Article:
When Toronto's mayor planned to make Yonge and Bay one-way streets
Toronto mayor thought it was an idea worth trying in 1988, but merchants disagreed
Sam Sniderman was going to have to sell a whole lot more records if a plan by the mayor of Toronto came to fruition in 1988.
Standing inside his Yonge Street store, the longtime record retailer predicted he'd lose $1 million if the street traffic out front was forced to drive one way.
"It's not conducive to the neighbourhood or retail trade," he told the CBC's Patricia Chew on May 17, 1988. "I think this experiment will be abandoned."
But a fellow retailer just up the street said vehicular traffic didn't much matter to the success of a Yonge Street business — pedestrians did.
More than cars to consider
"People are going to walk on sunny side of the street," she said. "In late afternoon, we have high traffic on our side of the street ... I don't see there being any difference whatsoever."
Asked for their two cents' worth, citizens thought making Yonge and Bay streets one-way was alternately "great," or "impossible."
Kyle Rae, a future city councillor who was then part of an advocacy group called Friends of Downtown, was not in support of the idea. It had first been proposed by Mayor Art Eggleton the previous month, according to the Toronto Star.
"What we have here is a neighbourhood," said Rae, after getting a hotdog from one of the city's street vendors. "We have fought ... to keep it a successful neighbourhood.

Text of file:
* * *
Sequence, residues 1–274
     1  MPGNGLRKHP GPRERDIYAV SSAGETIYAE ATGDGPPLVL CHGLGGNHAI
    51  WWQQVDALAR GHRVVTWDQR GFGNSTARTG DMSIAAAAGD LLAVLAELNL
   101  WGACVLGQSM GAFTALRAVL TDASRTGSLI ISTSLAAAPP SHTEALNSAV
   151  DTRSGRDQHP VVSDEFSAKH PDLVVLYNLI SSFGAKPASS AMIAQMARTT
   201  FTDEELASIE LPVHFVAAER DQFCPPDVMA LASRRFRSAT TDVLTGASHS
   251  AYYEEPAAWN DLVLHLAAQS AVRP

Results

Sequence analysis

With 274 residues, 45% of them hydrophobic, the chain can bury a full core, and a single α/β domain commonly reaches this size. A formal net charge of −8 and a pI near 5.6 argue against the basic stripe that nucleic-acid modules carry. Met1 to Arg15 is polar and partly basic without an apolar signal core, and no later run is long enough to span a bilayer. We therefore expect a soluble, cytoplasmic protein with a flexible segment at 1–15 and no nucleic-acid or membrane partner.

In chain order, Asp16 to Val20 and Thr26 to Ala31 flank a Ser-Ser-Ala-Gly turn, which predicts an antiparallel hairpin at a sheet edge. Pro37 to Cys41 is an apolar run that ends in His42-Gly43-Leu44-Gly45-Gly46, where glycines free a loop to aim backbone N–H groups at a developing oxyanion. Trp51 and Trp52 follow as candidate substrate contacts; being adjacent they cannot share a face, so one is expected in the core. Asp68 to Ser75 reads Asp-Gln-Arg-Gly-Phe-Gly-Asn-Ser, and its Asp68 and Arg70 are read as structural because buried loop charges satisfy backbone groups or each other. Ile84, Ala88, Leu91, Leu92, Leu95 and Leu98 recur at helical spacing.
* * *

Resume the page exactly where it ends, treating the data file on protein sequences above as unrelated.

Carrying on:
"That's what Toronto is, it's a city of neighbourhoods. And this is cutting a swath through the middle of it."
Eggleton's plan seemed closer to becoming a reality after passing a recent vote by the executive committee on the council of the municipality of Metropolitan Toronto.
But Councillor Dale Martin did not believe support for the plan was widespread, saying the mayor was trading votes to get his way.
"He does not have any support on the technical side," said Martin. "The TTC opposes it as not being in the public interest. It's strictly political ego."
Further reporting by CBC showed that the redistribution of traffic on Yonge and Bay streets did not even get as far as a pilot project.
According to the Globe and Mail, a series of court challenges and public consultations came to a "dead end" in February 1989 when Toronto city council voted 14-2 to reject the proposed scheme.